PUMA
Istituto di Geoscienze e Georisorse     
Maritan L., Nodari L., Mazzoli C., Milano A., Russo U. Influence of firing conditions on ceramic products experimental study on clay rich in organic matter. In: Applied Clay Science, vol. 31 (1-2) pp. 1 - 15. Elsevier, 2006.
 
 
Abstract
(English)
The effect on ceramic products of firing conditions in the presence of abundant organic matter is assessed here experimentally by reproducing two ancient firing techniques: pit firing, characterised by a high heating rate and short residence time in a reducing atmosphere; kiln firing, with a low heating rate and long residence time in an oxidising atmosphere. As expected, pit firing conditions produced uniformly reduced ceramics, and gehlenite, diopside and spinel occurred at suitable temperatures (above 900°C). Interestingly, in kiln firing conditions, sandwich structures formed in the ceramics, in which mineral assemblages and Fe oxidation state turned out to be different in the black core with respect to the margin. Spinel, cordierite and metallic Fe formed in the core, whereas hematite and spinel, in addition to gehlenite and diopside, crystallised in the margin at suitable temperatures (above 800°C). Therefore, despite the oxidising atmosphere of the firing, reducing conditions occurred in the core, suggesting sluggish oxygen diffusion within the pottery. In addition, decomposition of reactant mineral phases and crystallisation of new mineral products in pit firing conditions occurred at temperatures about 50°C higher than in kiln firing conditions, indicating that residence time strongly controlled reaction kinetics, as higher temperatures (i.e., a higher degree of reaction overstepping) are required when residence time is lower. On the contrary, illite broke down at a lower temperature than expected in both sets of firing conditions. This is interpreted as the effect of reduced water fugacity caused by burning of the organic matter.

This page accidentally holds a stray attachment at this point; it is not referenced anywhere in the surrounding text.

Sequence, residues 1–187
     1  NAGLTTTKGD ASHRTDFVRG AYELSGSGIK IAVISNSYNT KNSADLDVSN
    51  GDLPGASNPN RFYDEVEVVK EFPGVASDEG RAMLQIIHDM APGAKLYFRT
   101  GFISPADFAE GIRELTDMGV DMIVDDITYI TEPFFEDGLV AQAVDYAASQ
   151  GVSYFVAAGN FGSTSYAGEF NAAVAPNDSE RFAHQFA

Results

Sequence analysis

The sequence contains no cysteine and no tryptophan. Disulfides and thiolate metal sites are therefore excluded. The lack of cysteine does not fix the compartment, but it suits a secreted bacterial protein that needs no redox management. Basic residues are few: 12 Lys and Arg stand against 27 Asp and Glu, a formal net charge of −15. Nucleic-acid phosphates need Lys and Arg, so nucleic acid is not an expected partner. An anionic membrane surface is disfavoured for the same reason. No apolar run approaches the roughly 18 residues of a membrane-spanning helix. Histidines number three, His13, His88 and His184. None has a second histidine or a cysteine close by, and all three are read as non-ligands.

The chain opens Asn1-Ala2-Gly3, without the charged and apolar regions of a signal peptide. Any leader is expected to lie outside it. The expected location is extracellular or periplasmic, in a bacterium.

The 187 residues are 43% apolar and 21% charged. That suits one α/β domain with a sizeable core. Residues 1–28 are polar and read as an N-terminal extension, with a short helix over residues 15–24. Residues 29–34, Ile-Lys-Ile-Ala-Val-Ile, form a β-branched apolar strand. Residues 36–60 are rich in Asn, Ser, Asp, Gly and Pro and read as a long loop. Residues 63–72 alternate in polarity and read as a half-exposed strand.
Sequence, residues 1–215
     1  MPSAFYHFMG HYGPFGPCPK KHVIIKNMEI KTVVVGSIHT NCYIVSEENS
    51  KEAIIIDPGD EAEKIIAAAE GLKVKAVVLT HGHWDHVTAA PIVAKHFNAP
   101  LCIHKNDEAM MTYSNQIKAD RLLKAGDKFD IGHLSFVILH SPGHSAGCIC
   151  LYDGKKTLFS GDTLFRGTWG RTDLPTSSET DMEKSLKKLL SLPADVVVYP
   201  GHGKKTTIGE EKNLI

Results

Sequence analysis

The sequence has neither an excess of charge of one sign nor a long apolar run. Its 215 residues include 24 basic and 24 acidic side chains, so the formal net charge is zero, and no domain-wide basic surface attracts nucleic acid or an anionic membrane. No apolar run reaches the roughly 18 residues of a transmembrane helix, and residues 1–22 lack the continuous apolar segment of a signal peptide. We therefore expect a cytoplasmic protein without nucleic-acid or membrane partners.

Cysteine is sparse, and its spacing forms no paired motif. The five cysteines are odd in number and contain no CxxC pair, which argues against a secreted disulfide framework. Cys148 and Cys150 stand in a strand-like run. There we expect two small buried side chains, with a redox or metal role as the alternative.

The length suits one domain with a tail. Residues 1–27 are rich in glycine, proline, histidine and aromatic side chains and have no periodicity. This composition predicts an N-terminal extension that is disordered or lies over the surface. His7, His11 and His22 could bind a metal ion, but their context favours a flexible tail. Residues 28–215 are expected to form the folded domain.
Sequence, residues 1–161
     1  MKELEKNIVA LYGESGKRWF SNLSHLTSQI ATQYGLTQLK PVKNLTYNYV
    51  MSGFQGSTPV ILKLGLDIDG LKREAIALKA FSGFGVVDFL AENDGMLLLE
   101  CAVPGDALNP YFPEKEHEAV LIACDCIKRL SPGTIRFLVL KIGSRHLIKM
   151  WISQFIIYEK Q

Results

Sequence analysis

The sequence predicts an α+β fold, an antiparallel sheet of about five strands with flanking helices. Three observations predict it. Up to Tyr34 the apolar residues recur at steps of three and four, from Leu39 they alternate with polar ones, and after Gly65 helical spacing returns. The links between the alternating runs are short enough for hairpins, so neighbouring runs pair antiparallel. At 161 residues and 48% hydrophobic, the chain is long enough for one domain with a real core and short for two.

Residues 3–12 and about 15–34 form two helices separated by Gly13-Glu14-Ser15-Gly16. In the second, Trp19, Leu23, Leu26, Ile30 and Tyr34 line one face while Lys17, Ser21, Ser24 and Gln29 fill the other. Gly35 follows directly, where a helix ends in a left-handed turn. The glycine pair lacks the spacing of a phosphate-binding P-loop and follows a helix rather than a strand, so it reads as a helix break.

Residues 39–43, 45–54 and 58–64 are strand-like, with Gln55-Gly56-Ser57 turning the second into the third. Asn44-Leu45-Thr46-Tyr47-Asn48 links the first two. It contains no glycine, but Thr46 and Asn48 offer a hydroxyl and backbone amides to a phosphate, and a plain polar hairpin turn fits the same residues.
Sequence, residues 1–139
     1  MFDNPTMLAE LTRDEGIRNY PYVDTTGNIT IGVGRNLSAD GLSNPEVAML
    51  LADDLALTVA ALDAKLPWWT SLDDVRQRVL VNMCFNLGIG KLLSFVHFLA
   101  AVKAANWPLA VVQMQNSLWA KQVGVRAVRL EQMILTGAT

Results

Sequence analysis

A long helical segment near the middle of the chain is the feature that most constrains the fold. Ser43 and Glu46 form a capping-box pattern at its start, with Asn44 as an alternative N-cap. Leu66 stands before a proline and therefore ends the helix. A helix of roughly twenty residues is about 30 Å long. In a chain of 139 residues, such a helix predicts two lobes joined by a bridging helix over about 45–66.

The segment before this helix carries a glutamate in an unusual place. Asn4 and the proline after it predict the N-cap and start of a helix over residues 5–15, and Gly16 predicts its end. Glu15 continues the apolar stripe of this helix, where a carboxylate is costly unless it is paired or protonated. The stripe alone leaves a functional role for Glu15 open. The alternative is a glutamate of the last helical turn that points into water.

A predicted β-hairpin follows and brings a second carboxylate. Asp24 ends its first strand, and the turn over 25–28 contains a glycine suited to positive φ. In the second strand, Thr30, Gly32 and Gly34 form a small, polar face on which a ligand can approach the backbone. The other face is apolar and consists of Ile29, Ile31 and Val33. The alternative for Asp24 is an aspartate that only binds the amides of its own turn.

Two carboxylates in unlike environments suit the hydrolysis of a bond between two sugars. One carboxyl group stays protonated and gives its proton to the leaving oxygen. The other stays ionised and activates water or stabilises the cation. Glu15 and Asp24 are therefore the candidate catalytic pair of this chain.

URL: http://www.journals.elsevier.com/applied-clay-science/
Subject organic matter
heating rate
firing atmosphere
Mössbauer spectroscopy (TMS)
diffractometric analysis (XRD)
Fourier transformed infrared spectroscopy (FTIR)


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